In the Guangdong region, there are about 10 organizations doing organic certifications. The reporter’s investigation found that half or more of these are agents of various certification organizations or self-styled “close relations with certification organizations” who “guarantee we can help you get certification.”
Some provincial and prefecture level agricultural science and technology units advertise that they can help you pass certification, but the reporter learned they are only accredited to do testing of products; they cannot carry out certifications themselves.
One certification organization in Zhuhai calls itself an "official certification organization." The organization will send someone to investigate within a month after receiving a company's application, advise them on preparing materials, and complete the procedures in 2 or 3 months. It charges after 40,000 to 50,000 yuan.
A representative from this organization claimed they have accreditation from the EU and Japan, while other organizations are only accredited in China. However, the Guangdong China Certification Center's representative says this is false; only the OFDC is recognized overseas. If a Chinese certifier claims they are accredited overseas they are not telling the truth.
The article claims that the differing levels of administration for various certifications contributes to confusion. Organic and Green Food certificatoins are administered at the national level, but the less-stringent Pollution Free (无公害), a basic certification for safety, is carried out much more widely and administered by provincial authorities.
Once a company passes organic certification, there is little additional oversight. Companies mostly are responsible for regulating themselves. It is very rare for anyone to lose their certification.
According to a technician at the "East is Rising" farm near Guangzhou, most of the testing of vegetables is done on the farm. The district agriculture department conducts tests 1 or 2 times a month. The technician said the province and prefecture departments never check them, only people from the district occasionally come to the farm.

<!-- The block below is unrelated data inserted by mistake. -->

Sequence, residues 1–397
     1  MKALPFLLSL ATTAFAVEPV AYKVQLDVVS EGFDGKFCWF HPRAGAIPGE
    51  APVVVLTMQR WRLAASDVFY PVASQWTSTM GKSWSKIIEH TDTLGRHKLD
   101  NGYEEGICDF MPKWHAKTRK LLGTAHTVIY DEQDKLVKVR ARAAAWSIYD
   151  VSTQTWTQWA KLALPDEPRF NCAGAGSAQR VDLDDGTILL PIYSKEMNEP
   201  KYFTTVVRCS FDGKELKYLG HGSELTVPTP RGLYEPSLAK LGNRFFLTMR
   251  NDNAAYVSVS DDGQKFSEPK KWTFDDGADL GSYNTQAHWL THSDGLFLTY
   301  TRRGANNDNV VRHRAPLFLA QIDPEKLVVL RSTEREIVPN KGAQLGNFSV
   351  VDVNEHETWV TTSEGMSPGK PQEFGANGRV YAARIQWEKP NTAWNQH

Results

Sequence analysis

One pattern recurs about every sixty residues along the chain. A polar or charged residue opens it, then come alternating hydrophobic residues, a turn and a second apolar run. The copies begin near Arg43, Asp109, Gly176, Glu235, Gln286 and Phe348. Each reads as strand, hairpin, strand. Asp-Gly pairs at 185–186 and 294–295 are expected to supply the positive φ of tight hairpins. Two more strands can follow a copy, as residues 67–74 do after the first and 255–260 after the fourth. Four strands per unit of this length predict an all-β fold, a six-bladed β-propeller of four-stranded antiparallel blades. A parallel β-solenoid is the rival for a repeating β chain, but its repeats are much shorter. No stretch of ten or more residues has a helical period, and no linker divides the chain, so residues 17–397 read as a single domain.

According to national regulations, the provincial and prefecture (city) agriculture departments are responsible for testing vegetables in the market. However, an official said that they rarely test organic vegetables because they are presumed to be relatively safe. As long as no obvious problems arise, they mostly don't bother testing organic vegetables.
A government certification worker tells a story illustrating the shortcomings of the testing process. Several years earlier a Green Food rice product was sent to the Zhenjiang national-level testing center, results showed the water was not up to standard. The city’s agriculture department notified the company, and allowed them to substitute a different sample of clean water. "This is not a secret, most in the industry do this,” said the worker.
Online forums have many discussions of what is organic food and questions about how you tell whether it's real or not. A web site for advising Chinese consumers on organic food warns people to watch out for fakes. It advises consumers to only buy organic food from special counters in supermarkets in packages with labels affixed. They should check companies on line to verify that they are legitimate.